In Fixing the Facts, Rovner takes the other side of the secrecy argument, claiming that information about national security should be jealously guarded. His book examines the “pathology” of politicization in national security—or, he writes, “the attempt to manipulate intelligence so that it reflects policy preferences.” Some policy-makers, he claims, believe “‘intelligence can be used the way a drunk uses a lamp post—for support rather than illumination,’” citing Thomas L. Hughes, author of The Fate of Facts in a World of Men.
Rovner’s book examines the decision-making of several presidents, including Lyndon B. Johnson, who continued to send troops to Vietnam despite overwhelming public opposition; Gerald R. Ford, who overhyped the Soviet threat; and Bush, who manipulated intelligence to bolster his case for invading Iraq.
Carefully documented and extensively researched, Fixing the Facts argues that intelligence is less likely to be politicized when sensitive national-security issues are kept away from the public. “Politicization occurred in every case in this study after intelligence estimates became the subject of public debate,” he writes. “The White House was willing to accept discomfiting intelligence on Vietnam as late as 1966, but not after it began to publicly defend its strategy by citing favorable intelligence on the course of the war.” He argues that presidents will make better decisions about national security if they are able to discuss issues and examine intelligence in a private manner, untainted by public squabbling. “Reestablishing the norm of secrecy will reduce the incidence of politicization without damaging the quality of public debate,” he writes in the last sentence of the book.
Abbas would agree. But it seems unlikely that American officials will ever be able to keep these kinds of policy discussions entirely private and hidden away from the public, nor should they. Many national-security issues, such as the amount of taxpayer dollars invested in homeland security, should be discussed in the open.
Both books offer compelling evidence to make their case, but neither goes far enough in its arguments. The issue lies not in the amount of secrecy, whether too much or too little, but in how secrecy and transparency are used by presidents to promote an agenda. The most glaring example is the way presidents have used the media to put a positive spin on secret counterterrorism operations. Priest and Arkin claim that the secretive Joint Special Operations Command (JSOC), whose operators hunt down and kill terrorists around the world, works in the shadows and receives little acknowledgement, except when things go wrong. “In contrast to its successes, which usually went unpublicized, JSOC’s mistakes reverberated around the world,” they write.
In fact, the opposite is true. It is difficult if not impossible to analyze the night raids in Afghanistan in which special operators have accidentally killed or injured innocent people, for example, because commanders have released little information about such actions. And yet successful black operations have been trumpeted. Priest and Arkin write that CIA officials bragged about the killing of an Al Qaeda leader in Yemen in 2002, for example, because they “were so proud of what had happened that they wanted to share it with the public.” Years later, President Obama managed to keep quiet about the impending raid on Osama bin Laden’s compound in Abbottabad during the White House Correspondents’ Dinner, which took place the night before. But after the raid, Administration officials heralded their success and set up meetings with movie producers at the Pentagon to tell them about the attack; a film about the raid, directed by Kathryn Bigelow (The Hurt Locker), is scheduled for a fall 2012 release. The success of the raid was also trumpeted in glowing news accounts about the special operators—stories that were written with the close cooperation of Administration officials.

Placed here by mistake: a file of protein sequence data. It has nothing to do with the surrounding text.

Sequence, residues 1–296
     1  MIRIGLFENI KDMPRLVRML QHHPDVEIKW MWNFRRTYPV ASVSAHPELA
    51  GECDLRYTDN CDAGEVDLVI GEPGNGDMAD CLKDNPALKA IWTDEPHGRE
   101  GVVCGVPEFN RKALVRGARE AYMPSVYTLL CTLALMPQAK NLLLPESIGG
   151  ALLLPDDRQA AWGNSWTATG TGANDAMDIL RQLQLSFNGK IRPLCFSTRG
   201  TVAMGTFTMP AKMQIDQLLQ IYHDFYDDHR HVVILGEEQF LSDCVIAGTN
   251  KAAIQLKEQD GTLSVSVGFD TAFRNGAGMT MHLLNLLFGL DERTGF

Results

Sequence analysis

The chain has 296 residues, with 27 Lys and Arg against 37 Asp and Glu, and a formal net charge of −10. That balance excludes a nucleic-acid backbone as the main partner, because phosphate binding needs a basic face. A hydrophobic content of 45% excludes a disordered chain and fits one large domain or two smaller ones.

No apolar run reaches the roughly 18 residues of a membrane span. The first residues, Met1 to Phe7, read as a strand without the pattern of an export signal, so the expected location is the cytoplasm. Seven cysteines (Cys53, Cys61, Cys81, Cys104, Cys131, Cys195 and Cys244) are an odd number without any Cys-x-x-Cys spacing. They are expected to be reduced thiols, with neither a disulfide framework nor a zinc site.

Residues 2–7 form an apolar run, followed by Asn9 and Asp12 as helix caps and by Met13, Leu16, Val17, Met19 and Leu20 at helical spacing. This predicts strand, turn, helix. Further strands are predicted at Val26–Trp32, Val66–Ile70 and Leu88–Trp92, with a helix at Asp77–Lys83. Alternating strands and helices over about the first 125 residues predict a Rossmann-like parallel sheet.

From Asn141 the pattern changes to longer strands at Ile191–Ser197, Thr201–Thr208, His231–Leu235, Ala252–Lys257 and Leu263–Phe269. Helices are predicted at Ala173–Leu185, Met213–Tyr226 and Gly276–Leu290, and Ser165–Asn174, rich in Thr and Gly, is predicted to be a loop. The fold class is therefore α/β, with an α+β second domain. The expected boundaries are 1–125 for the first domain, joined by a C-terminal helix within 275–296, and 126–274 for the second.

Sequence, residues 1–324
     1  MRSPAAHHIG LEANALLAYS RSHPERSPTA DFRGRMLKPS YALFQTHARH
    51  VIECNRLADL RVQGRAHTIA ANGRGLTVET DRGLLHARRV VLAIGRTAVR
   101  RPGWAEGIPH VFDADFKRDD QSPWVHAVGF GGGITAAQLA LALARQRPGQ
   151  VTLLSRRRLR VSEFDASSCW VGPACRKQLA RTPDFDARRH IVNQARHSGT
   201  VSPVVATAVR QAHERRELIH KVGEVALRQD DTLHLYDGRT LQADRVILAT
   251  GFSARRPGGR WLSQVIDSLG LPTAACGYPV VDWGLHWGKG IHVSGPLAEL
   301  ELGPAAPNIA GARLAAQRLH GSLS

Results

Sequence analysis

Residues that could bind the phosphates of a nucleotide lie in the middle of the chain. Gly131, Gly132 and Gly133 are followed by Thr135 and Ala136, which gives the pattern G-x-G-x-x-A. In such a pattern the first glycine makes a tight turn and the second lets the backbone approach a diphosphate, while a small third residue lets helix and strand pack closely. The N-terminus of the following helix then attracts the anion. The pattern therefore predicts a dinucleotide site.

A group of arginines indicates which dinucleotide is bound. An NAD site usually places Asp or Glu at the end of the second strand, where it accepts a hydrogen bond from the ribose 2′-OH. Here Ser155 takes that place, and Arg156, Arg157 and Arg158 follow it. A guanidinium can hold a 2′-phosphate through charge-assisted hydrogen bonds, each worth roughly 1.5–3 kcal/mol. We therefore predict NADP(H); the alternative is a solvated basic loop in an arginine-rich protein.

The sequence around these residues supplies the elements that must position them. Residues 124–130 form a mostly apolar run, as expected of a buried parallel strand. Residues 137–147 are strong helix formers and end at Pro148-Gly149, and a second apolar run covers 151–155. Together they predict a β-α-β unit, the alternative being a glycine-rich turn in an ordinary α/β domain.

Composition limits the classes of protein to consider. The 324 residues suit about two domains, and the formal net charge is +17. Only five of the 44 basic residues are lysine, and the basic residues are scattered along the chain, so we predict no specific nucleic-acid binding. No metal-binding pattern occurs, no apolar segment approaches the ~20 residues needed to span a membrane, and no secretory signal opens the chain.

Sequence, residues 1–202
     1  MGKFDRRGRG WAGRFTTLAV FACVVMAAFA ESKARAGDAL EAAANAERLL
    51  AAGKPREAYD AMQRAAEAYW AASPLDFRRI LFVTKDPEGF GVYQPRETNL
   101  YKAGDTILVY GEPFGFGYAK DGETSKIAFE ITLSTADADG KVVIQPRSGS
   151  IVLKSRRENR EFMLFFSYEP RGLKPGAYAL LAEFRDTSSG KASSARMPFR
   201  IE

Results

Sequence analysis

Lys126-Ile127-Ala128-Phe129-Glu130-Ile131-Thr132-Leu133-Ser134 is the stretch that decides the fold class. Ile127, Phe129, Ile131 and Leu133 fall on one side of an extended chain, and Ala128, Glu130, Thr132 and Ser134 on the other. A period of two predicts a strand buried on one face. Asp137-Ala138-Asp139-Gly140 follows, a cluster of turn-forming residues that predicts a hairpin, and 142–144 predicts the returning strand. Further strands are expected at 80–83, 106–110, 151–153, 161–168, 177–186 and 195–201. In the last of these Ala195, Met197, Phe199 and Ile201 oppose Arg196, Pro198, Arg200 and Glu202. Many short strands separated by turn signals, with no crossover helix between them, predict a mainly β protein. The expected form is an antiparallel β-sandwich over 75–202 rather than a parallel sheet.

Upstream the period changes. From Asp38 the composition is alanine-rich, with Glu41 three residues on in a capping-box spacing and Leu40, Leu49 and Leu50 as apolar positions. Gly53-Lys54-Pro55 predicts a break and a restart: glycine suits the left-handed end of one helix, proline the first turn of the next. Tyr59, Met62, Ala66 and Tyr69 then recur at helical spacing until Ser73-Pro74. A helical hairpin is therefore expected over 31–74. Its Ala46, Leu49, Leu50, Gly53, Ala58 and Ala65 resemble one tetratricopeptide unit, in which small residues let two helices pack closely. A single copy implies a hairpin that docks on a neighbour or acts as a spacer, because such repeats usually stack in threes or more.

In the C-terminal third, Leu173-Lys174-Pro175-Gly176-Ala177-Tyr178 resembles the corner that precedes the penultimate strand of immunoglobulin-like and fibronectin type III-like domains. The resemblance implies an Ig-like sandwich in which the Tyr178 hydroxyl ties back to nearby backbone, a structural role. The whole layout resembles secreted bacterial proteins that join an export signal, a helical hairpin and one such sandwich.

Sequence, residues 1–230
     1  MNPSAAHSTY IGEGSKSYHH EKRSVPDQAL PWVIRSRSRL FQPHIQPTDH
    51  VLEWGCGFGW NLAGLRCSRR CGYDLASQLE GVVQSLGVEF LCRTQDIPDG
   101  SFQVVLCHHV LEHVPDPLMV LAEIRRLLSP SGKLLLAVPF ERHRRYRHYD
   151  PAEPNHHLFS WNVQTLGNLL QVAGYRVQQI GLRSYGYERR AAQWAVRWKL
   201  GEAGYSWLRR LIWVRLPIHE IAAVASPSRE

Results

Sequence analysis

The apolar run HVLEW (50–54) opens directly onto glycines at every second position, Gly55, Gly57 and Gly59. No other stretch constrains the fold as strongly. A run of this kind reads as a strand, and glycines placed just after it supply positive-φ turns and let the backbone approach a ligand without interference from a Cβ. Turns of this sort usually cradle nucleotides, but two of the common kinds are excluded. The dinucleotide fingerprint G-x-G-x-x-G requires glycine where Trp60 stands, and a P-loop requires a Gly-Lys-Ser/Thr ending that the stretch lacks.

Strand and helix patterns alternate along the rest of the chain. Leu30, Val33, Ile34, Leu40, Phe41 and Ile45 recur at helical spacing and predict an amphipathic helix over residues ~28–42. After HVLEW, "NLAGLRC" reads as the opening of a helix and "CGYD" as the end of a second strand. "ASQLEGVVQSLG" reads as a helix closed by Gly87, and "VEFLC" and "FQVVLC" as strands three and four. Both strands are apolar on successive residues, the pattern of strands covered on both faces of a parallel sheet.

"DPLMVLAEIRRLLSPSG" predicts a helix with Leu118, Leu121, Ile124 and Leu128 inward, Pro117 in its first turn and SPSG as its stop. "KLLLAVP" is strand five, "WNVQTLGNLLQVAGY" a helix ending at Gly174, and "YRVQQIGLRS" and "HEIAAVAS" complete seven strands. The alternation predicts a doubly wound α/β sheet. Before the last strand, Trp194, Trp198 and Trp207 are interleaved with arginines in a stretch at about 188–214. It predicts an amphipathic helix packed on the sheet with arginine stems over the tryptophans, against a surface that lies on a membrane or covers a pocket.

The raid on Abbottabad was a success, but unfortunately that is not always how things turn out. “JSOC’s success in targeting the right homes, businesses, and individuals in its prolific night raids was only about 50 percent, according to two senior commanders,” write Priest and Arkin, who also note that “at least a dozen people once held by the CIA remain nowhere to be found.” The implications of these revelations in the book are profound. Americans have assaulted innocent people in Afghanistan, and have somehow disposed of others who were once held in black sites. Since there are no standards for America’s black operations, or at least none that are publicly divulged, nothing appears to have happened to the perpetrators. This is assault and battery, kidnapping, and perhaps murder, on a disturbingly broad scale.
The killing of bin Laden in May and Anwar al-Awlaki in September made it clear that American officials plan to “neutralize” rather than capture at least some of the Al Qaeda terrorists in Pakistan, Yemen, and other countries. And yet the questions remain: What is the legal basis for these killings, and how can Americans assess their value and necessity? “The American public does not have some burning, Assange-like desire to reveal operational secrets,” wrote American University’s Kenneth Anderson, an international legal scholar, on The Volokh Conspiracy blog in August, “but it does want to feel like there is some legitimate domestic process in place for accountability.” Yet Administration officials have not revealed their legal arguments in support of the targeted strikes, beyond a few brief remarks made by State Department legal adviser Harold Koh in a speech in Washington in 2010. Drone strikes also lack a transparent legal basis. We seem destined not to be able to get answers to these questions, and consequently, if anything goes wrong in the field during one of these attacks, there will be no way to know if people have been held accountable.